21st April 2020
I meet my next specialist – and I guess who will become the most important person for me for a while. I’m now firmly under the care and attention of the Oncologist who will be leading the team taking care of me. Although at that time I didn’t realise what an amazing team it is.
Anyway – he introduces himself – Dr Warren Grant.
Another Wozzer I thought, that’s an amazing great omen 🙂 I’m sure he felt the same about his new patient…
He has the confident but calming style of confirming what is what. ‘You know you have throat cancer Warren, and the good news is there’s no spread away from the throat. There were some patches seen on a lung but the MRI scan confirmed they are nothing to worry about – although nothing will be left to chance and we’ll keep an eye on that going forward’.
And so, it’s down to work. No messing or waffling. The treatment is fairly aggressive he says – six weeks of radiotherapy x 5 days a week and additionally two cycles of chemotherapy on weeks 1 and 4.
Honestly that left me reeling a bit. I was expecting radio only and had already researched some that reckon it’s enough on its own.
There’s good reason though. He continues… ‘This particular type of cancer has a good possibility of eradication, with a human survival rate of around 75% after 5 years. Of course I’ll take that – and try and increase the percentage.
The cancer has an official name: Squamous cell carcinoma, left oropharynx, with TNM staging of T3 N2 M0 HPV16 positive.
The explainer below is courtesy of Cancer Research UK
TNM stands for Tumour, Node, Metastasis. This system describes the size of the initial cancer (the primary tumour), whether the cancer has spread to the lymph nodes, and whether it has spread to a different part of the body (metastasised). The system uses letters and numbers to describe the cancer:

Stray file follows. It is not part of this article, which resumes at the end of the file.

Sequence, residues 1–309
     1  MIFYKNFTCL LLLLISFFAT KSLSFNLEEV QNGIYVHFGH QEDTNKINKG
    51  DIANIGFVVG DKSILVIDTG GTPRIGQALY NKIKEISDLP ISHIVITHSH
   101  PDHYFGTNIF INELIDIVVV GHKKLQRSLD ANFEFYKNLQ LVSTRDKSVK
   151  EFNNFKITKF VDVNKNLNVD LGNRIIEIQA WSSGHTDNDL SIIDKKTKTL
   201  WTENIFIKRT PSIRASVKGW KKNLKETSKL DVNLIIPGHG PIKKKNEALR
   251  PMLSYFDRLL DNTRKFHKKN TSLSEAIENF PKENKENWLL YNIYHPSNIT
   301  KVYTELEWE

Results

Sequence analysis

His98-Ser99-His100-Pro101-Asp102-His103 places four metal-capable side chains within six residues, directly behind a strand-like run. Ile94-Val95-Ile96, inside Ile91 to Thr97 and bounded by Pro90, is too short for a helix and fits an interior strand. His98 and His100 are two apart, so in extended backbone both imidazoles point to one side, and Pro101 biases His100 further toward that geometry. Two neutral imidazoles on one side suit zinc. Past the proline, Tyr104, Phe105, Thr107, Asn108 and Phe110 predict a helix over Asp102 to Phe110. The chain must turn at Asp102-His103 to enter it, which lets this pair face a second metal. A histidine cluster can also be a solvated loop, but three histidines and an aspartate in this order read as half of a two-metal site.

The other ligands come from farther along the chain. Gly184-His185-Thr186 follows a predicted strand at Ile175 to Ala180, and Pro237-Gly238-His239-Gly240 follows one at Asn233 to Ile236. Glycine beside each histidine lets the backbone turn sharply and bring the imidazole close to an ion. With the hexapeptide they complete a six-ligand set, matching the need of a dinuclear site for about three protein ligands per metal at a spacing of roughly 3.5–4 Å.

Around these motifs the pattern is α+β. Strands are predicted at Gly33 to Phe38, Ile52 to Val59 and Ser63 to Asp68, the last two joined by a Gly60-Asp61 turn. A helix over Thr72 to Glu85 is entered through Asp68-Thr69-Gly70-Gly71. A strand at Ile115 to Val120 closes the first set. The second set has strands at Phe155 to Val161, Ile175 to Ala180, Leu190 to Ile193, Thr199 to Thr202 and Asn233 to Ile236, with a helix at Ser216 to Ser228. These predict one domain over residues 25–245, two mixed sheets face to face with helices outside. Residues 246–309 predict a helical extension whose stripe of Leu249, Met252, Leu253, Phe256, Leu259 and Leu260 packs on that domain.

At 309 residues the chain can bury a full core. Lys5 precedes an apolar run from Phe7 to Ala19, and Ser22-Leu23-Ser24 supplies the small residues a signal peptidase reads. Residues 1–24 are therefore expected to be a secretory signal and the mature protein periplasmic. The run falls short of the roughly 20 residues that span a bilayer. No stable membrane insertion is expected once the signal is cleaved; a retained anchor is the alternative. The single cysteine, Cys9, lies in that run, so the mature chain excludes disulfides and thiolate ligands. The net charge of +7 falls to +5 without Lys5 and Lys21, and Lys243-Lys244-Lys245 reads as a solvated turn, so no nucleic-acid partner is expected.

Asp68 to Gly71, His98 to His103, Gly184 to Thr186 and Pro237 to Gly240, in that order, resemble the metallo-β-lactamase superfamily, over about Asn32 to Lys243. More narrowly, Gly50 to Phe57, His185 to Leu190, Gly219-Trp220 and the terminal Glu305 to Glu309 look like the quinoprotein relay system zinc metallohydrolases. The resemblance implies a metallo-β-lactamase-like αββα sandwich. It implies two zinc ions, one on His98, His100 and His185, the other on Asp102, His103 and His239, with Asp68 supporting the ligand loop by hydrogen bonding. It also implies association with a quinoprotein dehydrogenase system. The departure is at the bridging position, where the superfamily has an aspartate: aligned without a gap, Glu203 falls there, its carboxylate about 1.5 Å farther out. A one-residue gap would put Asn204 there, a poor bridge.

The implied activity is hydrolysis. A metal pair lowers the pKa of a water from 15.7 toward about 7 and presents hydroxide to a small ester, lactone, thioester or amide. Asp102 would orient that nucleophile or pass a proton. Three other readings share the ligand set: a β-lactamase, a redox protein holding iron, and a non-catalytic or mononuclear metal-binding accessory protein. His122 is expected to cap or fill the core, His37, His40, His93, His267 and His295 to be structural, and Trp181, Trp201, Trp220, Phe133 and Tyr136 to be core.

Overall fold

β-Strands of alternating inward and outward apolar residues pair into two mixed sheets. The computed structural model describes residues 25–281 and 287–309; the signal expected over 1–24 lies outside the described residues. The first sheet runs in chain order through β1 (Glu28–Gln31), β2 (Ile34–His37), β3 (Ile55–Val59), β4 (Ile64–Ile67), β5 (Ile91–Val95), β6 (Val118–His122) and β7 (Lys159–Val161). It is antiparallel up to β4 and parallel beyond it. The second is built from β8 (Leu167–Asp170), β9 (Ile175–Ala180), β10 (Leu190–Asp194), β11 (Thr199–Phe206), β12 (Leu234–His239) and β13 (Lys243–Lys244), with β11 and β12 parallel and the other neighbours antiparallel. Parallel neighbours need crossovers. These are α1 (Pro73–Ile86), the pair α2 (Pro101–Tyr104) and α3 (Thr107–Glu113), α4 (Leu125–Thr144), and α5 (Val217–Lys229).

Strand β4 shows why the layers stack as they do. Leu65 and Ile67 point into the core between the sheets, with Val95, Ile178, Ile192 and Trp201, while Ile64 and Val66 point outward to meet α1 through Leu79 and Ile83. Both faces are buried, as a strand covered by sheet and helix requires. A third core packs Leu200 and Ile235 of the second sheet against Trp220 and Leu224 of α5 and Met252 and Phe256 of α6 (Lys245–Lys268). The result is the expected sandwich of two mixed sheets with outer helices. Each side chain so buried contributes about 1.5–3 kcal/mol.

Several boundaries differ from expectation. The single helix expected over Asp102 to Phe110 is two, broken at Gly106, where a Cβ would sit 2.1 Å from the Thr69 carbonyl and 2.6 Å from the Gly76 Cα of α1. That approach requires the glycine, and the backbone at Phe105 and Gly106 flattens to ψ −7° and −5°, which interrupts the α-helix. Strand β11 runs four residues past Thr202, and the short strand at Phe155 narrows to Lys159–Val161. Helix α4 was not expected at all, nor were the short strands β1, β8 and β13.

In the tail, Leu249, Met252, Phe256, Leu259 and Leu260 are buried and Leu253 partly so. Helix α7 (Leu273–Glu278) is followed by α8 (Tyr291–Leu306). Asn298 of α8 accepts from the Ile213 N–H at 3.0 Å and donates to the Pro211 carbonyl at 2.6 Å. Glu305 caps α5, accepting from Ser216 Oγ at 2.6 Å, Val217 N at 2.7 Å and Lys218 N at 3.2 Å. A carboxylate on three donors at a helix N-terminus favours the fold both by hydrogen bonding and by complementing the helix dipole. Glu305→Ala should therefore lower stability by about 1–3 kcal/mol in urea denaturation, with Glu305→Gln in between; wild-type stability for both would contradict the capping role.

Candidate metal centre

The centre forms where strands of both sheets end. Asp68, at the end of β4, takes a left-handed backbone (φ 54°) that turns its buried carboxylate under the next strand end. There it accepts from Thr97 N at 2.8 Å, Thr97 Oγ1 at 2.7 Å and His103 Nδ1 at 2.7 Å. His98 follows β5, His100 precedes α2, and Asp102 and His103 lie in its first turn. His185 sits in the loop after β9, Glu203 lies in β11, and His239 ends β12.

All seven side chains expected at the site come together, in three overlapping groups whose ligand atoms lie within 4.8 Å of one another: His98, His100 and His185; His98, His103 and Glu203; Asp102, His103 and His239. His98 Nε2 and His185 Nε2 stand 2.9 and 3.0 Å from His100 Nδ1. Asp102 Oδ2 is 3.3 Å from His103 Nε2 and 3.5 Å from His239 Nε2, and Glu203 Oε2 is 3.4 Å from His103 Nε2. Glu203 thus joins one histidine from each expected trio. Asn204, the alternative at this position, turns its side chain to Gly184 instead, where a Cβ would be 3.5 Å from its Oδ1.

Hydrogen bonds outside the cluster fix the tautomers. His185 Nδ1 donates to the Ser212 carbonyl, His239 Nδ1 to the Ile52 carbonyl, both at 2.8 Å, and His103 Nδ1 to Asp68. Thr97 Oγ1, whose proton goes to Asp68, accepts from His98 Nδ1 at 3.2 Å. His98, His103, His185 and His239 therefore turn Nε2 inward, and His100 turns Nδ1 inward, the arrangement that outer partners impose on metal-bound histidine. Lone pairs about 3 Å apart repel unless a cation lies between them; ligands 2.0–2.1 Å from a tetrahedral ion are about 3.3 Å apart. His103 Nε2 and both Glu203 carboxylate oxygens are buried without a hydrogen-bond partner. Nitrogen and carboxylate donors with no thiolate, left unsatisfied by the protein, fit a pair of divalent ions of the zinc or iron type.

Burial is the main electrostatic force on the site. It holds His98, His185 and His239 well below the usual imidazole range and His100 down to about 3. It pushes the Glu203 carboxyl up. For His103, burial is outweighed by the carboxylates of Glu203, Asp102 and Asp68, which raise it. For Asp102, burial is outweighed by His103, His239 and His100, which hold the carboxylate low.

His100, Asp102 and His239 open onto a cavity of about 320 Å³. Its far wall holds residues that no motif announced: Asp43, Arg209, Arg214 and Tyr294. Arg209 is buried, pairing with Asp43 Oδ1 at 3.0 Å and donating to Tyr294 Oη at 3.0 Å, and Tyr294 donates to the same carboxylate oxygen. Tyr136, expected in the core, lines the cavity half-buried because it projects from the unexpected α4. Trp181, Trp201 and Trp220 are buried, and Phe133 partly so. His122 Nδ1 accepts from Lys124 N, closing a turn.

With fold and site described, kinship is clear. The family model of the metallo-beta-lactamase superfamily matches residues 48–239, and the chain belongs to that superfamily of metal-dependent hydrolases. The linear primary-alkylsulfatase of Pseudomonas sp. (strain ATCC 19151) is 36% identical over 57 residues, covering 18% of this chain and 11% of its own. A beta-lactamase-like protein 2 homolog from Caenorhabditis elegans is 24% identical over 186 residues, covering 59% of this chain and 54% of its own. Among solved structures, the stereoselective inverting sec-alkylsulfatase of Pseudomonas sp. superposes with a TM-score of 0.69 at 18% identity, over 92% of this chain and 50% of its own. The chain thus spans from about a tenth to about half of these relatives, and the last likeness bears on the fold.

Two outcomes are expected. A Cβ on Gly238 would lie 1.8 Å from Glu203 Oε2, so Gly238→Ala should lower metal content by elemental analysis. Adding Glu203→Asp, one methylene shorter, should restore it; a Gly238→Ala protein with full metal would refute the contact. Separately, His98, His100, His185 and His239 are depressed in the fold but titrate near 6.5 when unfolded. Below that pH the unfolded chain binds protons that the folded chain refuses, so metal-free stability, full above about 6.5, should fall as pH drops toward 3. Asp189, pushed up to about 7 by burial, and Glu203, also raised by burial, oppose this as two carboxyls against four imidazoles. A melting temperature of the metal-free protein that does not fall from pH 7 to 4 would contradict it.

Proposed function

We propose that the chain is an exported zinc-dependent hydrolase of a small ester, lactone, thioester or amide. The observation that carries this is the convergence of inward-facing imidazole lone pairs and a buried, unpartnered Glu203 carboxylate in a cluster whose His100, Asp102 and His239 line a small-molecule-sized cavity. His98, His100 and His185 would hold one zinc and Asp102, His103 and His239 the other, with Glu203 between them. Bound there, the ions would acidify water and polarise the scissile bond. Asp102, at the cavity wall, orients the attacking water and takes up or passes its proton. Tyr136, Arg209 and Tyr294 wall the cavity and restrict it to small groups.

• T refers to the size of the cancer and how far it has spread into nearby tissue – it can be 1, 2, 3 or 4, with 1 being small and 4 large
• N refers to whether the cancer has spread to the lymph nodes – it can be between 0 (no lymph nodes containing cancer cells) and 3 (lots of lymph nodes containing cancer cells)
• M refers to whether the cancer has spread to another part of the body – it can either be 0 (the cancer hasn’t spread) or 1 (the cancer has spread)
From this it’s clear the cancer has been developing for a while (T3), but it’s never given me any indication, save the mild sore throat on and off over a couple of months. The main thing Vicki advised me later is M0 means no spread to other areas of the body.
Dr Grant continues… ‘We’ll being treatment in around 3 weeks, say mid-June and finish at the end of July. On average expect the treatment to intensify as it progresses and then some months of discomfort, but hopefully feeling better towards the autumn time’.
Before treatment begins, there’s more to be done and more of the team assigned to me, make initial contact:
Speech Therapist; Dietician; Radiology team for Mask making and Endoscopy team for inserting a feeding tube. And Lead Nurse Vicky is never far away.
Just amazing – and I don’t know half of it yet, except this Gloucestershire NHS Foundation Trust is an extremely well-oiled Rolls Royce of a machine. Every single person I’ve been in contact with – or staff that have phoned me are not just professional, but very personable – without exception.
It’s easy to say this, but I really mean it that I’m feeling pretty good about my condition – because I have total faith in this highly experienced team, who seem to give me the impression that I’m their only patient 🙂
And lets not forget we’re in the middle of a pandemic, causing the UK’s greatest ever drain on NHS resources right now.